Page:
University to increase engineering graduates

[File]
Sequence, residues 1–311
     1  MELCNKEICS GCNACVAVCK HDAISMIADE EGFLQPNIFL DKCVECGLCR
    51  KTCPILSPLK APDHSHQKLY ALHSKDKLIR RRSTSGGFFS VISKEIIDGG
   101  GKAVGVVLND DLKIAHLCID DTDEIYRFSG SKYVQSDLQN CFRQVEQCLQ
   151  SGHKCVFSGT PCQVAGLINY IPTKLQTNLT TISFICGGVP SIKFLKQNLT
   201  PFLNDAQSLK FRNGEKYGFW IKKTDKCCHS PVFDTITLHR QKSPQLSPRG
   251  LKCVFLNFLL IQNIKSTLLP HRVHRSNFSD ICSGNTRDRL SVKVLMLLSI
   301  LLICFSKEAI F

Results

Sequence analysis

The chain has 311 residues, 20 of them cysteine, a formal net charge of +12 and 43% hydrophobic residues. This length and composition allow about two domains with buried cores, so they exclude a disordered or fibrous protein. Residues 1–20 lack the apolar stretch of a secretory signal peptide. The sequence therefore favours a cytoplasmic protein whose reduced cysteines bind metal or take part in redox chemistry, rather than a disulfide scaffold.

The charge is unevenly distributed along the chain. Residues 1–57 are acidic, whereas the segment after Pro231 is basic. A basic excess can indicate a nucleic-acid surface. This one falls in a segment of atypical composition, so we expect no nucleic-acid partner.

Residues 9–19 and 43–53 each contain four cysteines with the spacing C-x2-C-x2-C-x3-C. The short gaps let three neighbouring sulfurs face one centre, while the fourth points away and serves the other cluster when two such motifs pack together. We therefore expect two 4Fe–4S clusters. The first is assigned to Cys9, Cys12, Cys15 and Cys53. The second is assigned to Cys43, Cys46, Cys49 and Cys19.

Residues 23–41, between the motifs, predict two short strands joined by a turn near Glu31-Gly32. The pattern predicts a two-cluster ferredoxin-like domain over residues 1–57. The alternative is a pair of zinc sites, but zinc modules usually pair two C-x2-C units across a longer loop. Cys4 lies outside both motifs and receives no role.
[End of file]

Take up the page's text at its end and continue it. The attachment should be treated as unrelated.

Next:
Engineering is one of the fastest-growing fields of employment in Alaska and demand is likely to outstrip supply for some time to come.For the short term, federal funding for transportation and defense projects is likely to keep business brisk for providers of engineering services and for engineers.In the long term, the demographic time bomb that will affect the entire work force -- a decline in the numbers of young people entering universities -- will affect engineering as well as other professions, according to Tom Miller, interim director of the University of Alaska Anchorage’s School of Engineering.For its part, the University of Alaska is doing its best to ramp up engineering programs on all three of its main campuses in Fairbanks, Anchorage and Juneau, Miller said. For years Alaska-based engineering firms have had a tough time finding qualified staff.If the state university can produce more people trained in the various engineering disciplines, private sector recruiting costs will fall, he said. There’s also a correlation that has been documented between economic development in a region and the number of people there who are educated and trained in sciences and engineering.More people with university degrees in science and engineering seems to translate to a faster-growing, more prosperous economy, Miller said.Within the state, the University of Alaska Fairbanks has been the backbone of the engineering program, with undergraduate and graduate programs in electrical, mechanical, civil, petroleum and minerals engineering.The University of Alaska Anchorage has had a graduate program in engineering management and an undergraduate civil engineering program for years. An associate degree program is also offered in geomatics, dealing with surveying, geographic information systems and related fields.A collaborative program between the Anchorage and Fairbanks campuses began in 1997. The program allows students in mechanical and electrical engineering to take their first two years in Anchorage and the final two years at the Fairbanks campus.Graduate-level engineering programs in Anchorage have also been expanded. Master’s programs are now offered in civil and environmental quality engineering and in arctic engineering, a subset of civil specializing in cold regions.An effort is also now underway to expand engineering programs to the University of Alaska Southeast in Juneau. What’s being considered there is a focus on transportation engineering."The university is doing some good things in engineering," Miller said.University of Alaska Anchorage, for example, has developed an innovative program for minority, mainly Alaska Native students in engineering and science that is reporting success.Herb Schroeder, a former civil engineer for VECO Alaska Inc., a local construction and oil service company, is a UAA associate professor in charge of the Alaska Native Science and Engineering Program. The most notable accomplishment of the program, now 5 years old, is that 70 percent of the students are still in the undergraduate engineering program three and four years after starting, a striking difference with the national average of 27 percent for Native Americans and about 35 percent for all students in engineering."Herb is really onto something here. There’s something significant going on," said Miller.Schroeder is now working to find ways to apply the program’s successes to the entire university. "The techniques he is developing to retain Alaska Native students in engineering and sciences, very difficult areas of study, can be applied to all fields," Miller said.Another innovative thing the program is doing is reaching out to rural high schools to stimulate an early interest in science and engineering.A National Science Foundation grant has now allowed the program to be expanded to the Fairbanks campus and also to First American students at the University of Hawaii and the University of Washington.UAA’s School of Engineering is also reaching out to local employers to determine their needs. One recent survey, for example, found a need for computer systems engineers, or people with training in both electrical engineering and computer science, Miller said.These skills are needed across a broad range of industries. One example is in health care, Miller said. This is a real growth field, where a high degree of training and skill is required to operate and maintain sophisticated biomedical instruments and equipment, he said.UAA is now trying to determine how many people are now employed as technicians in jobs that normally require an engineering degree, Miller said. The university could offer these people a way to upgrade their skills and obtain a degree.The profession faces big challenges, however. In an effort to increase the supply of engineers, one of the problems facing all universities, not just Alaska’s, is improving the dismal retention rate in engineering schools, Miller said.On a national average, only about 35 percent, about one in three, students who enter university engineering programs finish their programs. Almost all of them graduate, but with degrees in other fields.Why do so many beginning engineering studies switch to other fields? Partly because studying engineering is hard work and the program is long, Miller believes.While it’s possible to get an undergraduate degree in engineering in four years, it means taking five to six classes per semester, he said. This translates to workweeks of 60 to 80 hours."You have to be really committed to be working at the library when all your friends are out playing," Miller said. Most engineering students need four and a half or even five years to finish.The payoff comes after finishing school and an engineering graduate lands a good job and begins a rewarding career.But it’s hard for an 18-year-old beginning university student to see that, Miller said. It’s possible in other fields to take general exploratory courses during the freshman and sophomore years and then specialize, to get a degree in, for example, business or education.That’s not so in engineering, Miller said. Engineering studies begin in the first year.Given these challenges, there’s a lot of thought being given in engineering schools about how to make these programs more attractive. Some thought is being given to "outcome based" curriculums, where progress through a program is based less on "seat time" in classes and more on demonstration of proficiency at various levels.This has to be done without diminishing the quality of engineering education, however. "One difference between engineering and other fields, like business, is that your work affects life and safety," Miller said. "There are real risks in decisions made by an underqualified engineer."